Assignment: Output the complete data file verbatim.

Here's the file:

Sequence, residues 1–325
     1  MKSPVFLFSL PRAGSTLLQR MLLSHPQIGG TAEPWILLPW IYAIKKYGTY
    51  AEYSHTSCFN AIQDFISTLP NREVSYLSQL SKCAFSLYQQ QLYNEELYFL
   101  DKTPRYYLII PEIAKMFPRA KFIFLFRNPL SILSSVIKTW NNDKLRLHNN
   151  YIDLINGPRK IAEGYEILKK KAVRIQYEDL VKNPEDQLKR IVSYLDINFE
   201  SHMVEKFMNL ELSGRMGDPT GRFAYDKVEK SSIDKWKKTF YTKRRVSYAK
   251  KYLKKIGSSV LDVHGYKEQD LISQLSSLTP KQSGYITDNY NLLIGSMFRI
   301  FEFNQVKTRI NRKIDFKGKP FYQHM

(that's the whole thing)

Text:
Sequence, residues 1–325
     1  MKSPVFLFSL PRAGSTLLQR MLLSHPQIGG TAEPWILLPW IYAIKKYGTY
    51  AEYSHTSCFN AIQDFISTLP NREVSYLSQL SKCAFSLYQQ QLYNEELYFL
   101  DKTPRYYLII PEIAKMFPRA KFIFLFRNPL SILSSVIKTW NNDKLRLHNN
   151  YIDLINGPRK IAEGYEILKK KAVRIQYEDL VKNPEDQLKR IVSYLDINFE
   201  SHMVEKFMNL ELSGRMGDPT GRFAYDKVEK SSIDKWKKTF YTKRRVSYAK
   251  KYLKKIGSSV LDVHGYKEQD LISQLSSLTP KQSGYITDNY NLLIGSMFRI
   301  FEFNQVKTRI NRKIDFKGKP FYQHM